IN 2014 the killing of two unarmed African-American men by the police became international headline news. Both Michael Brown in Ferguson, Mo., and Eric Garner in New York City were killed by police officers attempting to arrest them for relatively minor criminal offenses. The incidents themselves – along with the justice system’s determination of no wrongdoing on the part of police – ignited widespread protests in many U.S. cities and led to the murder of two on-duty New York City police officers, Wenjian Liu and Rafael Ramos, in revenge for the deaths of Brown and Garner. These kind of incidents have continued, including the recent North Charleston, S.C., shooting of Walter Scott.
Media coverage of these incidents has highlighted just how differently many Americans view the police, a difference that seems to follow racial and political lines.
Around the time of the riots in Ferguson, I had just returned to West Virginia University from a yearlong research sabbatical at the Wilmington, Del., police department where I once worked as a police officer. Dubbed “Murder Town USA” in a December 2014 Newsweek piece, Wilmington has a higher crime rate and is a bit larger than Ferguson, but the racial dynamics and tensions between the police and community in both cities seem similar.
The explanations being debated about who to blame for violent crime and for the failures of the police also seem similar. The police blame a few “bad officers” for the problems inside the department and they blame “bad people” for the problems in city neighborhoods. But blaming “bad cops” or “bad people” severely limits our ability to see the social and organizational conditions that give rise to this behavior in the first place.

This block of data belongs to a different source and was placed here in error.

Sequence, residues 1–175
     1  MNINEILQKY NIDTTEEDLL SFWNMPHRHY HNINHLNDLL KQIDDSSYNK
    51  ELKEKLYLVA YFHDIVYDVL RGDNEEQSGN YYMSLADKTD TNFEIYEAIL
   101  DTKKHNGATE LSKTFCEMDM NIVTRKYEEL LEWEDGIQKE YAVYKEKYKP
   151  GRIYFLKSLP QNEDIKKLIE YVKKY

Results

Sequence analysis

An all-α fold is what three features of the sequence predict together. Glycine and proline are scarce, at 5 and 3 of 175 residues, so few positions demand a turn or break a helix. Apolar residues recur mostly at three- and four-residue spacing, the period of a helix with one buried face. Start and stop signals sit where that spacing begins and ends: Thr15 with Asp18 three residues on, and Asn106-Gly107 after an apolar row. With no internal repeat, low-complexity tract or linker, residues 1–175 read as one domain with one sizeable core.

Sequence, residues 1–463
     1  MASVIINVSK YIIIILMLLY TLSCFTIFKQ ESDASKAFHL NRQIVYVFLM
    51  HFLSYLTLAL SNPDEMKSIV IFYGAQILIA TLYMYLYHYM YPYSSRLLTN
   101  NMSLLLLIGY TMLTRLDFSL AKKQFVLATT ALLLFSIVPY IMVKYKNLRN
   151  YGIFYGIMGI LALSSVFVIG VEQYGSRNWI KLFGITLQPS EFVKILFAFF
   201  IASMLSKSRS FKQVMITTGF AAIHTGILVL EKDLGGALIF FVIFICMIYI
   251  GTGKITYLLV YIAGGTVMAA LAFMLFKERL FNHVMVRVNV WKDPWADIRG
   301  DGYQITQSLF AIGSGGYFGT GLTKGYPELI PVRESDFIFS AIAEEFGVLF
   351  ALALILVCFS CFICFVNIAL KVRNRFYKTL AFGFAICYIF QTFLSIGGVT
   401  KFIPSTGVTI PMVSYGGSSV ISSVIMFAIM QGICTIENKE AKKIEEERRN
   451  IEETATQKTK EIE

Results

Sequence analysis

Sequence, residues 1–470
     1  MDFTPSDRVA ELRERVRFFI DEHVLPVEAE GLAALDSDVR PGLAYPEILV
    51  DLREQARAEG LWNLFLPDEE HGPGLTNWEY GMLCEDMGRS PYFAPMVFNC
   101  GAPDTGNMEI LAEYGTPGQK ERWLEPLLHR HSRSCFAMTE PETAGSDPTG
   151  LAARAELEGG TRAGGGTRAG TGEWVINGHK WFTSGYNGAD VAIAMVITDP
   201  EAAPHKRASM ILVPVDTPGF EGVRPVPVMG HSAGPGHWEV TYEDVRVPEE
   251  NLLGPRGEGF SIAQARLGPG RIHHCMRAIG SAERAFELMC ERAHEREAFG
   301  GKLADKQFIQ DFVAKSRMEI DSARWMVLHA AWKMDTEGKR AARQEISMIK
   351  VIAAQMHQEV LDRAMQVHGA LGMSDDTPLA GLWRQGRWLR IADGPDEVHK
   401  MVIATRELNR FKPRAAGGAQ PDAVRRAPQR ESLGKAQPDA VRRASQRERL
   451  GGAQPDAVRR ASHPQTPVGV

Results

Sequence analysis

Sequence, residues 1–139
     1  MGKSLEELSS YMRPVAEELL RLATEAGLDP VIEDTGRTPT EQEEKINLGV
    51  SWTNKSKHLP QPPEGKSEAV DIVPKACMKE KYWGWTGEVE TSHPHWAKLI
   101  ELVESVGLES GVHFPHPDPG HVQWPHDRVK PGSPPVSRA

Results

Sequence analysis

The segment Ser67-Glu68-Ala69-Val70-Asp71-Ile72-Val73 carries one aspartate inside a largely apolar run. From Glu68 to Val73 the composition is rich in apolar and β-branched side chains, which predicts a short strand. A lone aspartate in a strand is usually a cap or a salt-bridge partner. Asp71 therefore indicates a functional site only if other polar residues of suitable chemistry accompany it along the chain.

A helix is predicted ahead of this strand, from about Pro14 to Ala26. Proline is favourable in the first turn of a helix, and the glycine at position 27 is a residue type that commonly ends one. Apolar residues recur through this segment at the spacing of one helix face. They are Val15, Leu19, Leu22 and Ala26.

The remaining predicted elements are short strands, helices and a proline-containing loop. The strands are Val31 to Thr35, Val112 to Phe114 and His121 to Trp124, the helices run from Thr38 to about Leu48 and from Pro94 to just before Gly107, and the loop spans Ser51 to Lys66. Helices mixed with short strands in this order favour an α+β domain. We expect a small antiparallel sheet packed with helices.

There is a growing body of research in sociology and criminology that helps us get beyond the “bad person” focus. Specifically, researchers have found that in neighborhoods where residents watch out for each other and are willing to intervene for the common good, crime generally cannot flourish. Additionally, in communities where the police are viewed by residents as just and legitimate authorities, residents are willing to work with them to prevent crime. Finally, the research shows that unilateral heavy-handed police action – whether in patrol cars or on foot – to curb violence by enforcing minor “quality of life” crimes can be effective in the short term but its benefits are offset by the fear and distrust it creates.
TODAY, many police departments in the United States still use this approach to crime, taking control over neighborhoods in a manner that some compare to an external occupying force. But this strategy – albeit well-intentioned – can destroy police-community relations and prevent residents from getting involved in the kind of common action that can restore order in their neighborhoods over the long term.
My own experience in policing has shown me that when police officers are embedded in neighborhoods for long periods of time, working closely with residents to solve problems, the issues that typically divide them, such as race and ethnicity, simply disappear. The bonds created in these types of situations are long-lasting and effective but take time and effort to develop. But time is what political leaders often don’t have. They need quick results and often trade long-term community-building strategies for aggressive police action that is expedient. When a community policing initiative was discontinued in Wilmington this year and replaced by mobile enforcement teams that focused on minor crimes, a community leader told me in frustration, “Everybody wants the ‘microwave minute’ solution to crime. Those things just don’t last.”
This is why a sustained public dialogue following the Ferguson, New York City and North Charleston incidents is so important. It may force us to temporarily suspend judgment, listen to each other and consider situational factors often ignored when quickly assigning blame to individuals.
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